I found this interesting read on the PVC Board. Huge credit goes to TRAGIC from PVC for typing this up. I personally found it interesting because how can a game that takes the highest grade PC available be on Xbox which is relatively less powerful to some PCs today and have the same graphical look and run perfectly fine? Once again, credit goes to TRAGIC from the PVC Boards.
Want to know why DOOM3 and games like it can run on xbox? This may seem like a long post but if you read it will probably clear up alot of questions on the power of your xbox and the potential for incredible looking games that you may not have thought could run on it. But it's up to developer's to use it. And show this to the next person who say's: "The xbox is just a downgraded PC". That is such a false statement.
NOTE: I don't post this to "slam" PC tech, or to kick off a heated debate - flame responses will be ignored. I post this for informational purposes only, as it's a subject that I personally find interesting.
A while back I posed the question in the title to this forum, to see if any of the professionals who post here could let me know how the XBox could render Doom 3, and I quote Carmack here, "just fine". Recently, it's been noted that Carmack said that the XBox should be able to run Doom 3 with no graphical downgrade from the PC version. I was struck by how remarkable a claim that was. How could a box with a 733 MHz Pentium 3, an NV2A (Geforce 3 plus one vertex shader), and a total of 64 MB of ram under the hood possibly run Doom 3, when I knew that my PC, with specs that blow the XBox away, would in all likelihood render Doom 3 like a slide show at medium details? (A presumption, maybe, but come ON...)
I got a few responses, but the only one that seemed to make any sense at all was "bloated code". Basically, that since game developers had to code for such a variety of hardware on the PC, that the code could not be as efficient as it was for a fixed hardware platform like the XBox. As someone who works in a technical field, this made a degree of sense, but it didn't sit very well with me - weren't APIs and device drivers supposed to eliminate that sort of "hardware specific" code problem on the PC? Even if they didn't solve it altogether, why would it make THAT much difference to performance? I mean, my PC has got, between the system RAM and video RAM, TEN TIMES the memory of the XBox, and a CPU more than TWICE as fast. There had to be a better explanation, right?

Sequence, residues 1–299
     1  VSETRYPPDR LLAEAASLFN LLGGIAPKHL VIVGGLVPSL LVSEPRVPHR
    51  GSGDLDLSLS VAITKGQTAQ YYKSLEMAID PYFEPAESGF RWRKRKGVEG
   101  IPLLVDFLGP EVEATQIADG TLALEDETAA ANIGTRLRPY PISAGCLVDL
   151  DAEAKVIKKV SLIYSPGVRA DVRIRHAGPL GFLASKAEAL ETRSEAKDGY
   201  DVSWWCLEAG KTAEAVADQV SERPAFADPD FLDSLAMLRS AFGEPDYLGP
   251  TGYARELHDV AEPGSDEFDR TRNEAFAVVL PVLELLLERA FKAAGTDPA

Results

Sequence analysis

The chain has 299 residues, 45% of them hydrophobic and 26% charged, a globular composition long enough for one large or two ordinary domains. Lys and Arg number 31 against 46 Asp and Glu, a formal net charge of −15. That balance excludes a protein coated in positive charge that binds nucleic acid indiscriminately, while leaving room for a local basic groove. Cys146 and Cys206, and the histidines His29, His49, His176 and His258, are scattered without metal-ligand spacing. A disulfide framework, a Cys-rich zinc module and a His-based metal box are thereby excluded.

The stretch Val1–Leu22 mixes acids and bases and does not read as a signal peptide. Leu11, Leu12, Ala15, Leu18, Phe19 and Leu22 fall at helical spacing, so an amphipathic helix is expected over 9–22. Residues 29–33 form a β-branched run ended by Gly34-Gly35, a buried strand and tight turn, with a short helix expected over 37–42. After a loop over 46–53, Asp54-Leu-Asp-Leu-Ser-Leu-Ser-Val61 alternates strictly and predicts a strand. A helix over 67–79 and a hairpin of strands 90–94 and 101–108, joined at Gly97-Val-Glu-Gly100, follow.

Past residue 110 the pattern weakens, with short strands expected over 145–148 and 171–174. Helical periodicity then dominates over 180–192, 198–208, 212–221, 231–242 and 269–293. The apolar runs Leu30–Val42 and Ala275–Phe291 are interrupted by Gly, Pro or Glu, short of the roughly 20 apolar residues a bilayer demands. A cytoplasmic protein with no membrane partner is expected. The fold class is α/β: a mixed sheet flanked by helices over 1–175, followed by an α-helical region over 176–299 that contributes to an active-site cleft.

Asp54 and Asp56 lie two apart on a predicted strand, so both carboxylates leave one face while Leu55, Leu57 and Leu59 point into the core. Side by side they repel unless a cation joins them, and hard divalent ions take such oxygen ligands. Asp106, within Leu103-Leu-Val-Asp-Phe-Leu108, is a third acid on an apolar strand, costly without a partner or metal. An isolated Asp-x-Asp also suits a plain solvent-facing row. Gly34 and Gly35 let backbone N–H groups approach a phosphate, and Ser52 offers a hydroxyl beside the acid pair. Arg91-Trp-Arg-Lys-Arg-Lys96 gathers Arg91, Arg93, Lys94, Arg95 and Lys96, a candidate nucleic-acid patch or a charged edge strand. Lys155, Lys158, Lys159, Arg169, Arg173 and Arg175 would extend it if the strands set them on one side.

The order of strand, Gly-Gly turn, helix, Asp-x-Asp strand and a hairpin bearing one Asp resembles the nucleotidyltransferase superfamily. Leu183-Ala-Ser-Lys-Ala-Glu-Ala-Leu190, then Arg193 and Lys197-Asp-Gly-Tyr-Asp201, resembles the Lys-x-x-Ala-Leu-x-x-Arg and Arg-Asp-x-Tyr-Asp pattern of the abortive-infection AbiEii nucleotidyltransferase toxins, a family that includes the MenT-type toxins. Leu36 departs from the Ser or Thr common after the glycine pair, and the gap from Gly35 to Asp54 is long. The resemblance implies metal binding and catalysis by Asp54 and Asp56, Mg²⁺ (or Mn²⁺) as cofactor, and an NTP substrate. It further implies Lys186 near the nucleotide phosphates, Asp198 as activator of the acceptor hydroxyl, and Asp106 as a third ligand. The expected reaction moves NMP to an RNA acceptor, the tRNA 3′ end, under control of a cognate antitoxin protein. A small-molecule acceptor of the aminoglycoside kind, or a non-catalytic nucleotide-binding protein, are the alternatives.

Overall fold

I found one in a magazine sold here called "CPU - Computer Power User". They employ a number of PC hardware and software dudes/dudettes to write regular columns for them - people like Alex "Sharky" Ross, Anand Lal Shimpi, Kyle Bennet, and others. One of their regular columnists, Alex St. John - who the magazine lists as "one of the founding creators of Microsoft's DirectX technology", wrote a column in the Feb 2003 issue of CPU titled "XBox vs. PC: Fight!" in which he compares the XBox's capabilities with that of the latest high-end PCs in terms of 3D processing (it's worth noting that the guy no longer works for Microsoft). Turns out, it's more than just about screen resolution. Here are some excerpts:
He goes on to talk about how PC games must be coded to be capable of running on low-end graphics processors, which keeps the PC gaming market skewed to the low end. He also makes mention of some games utilizing a method of real-time shadowing that demands video data to be swapped back and forth over the AGP bus three times, resulting in a huge performance hit. Then he summarizes:How much video bandwidth does an XBox need to play Halo on your TV vs. on a PC?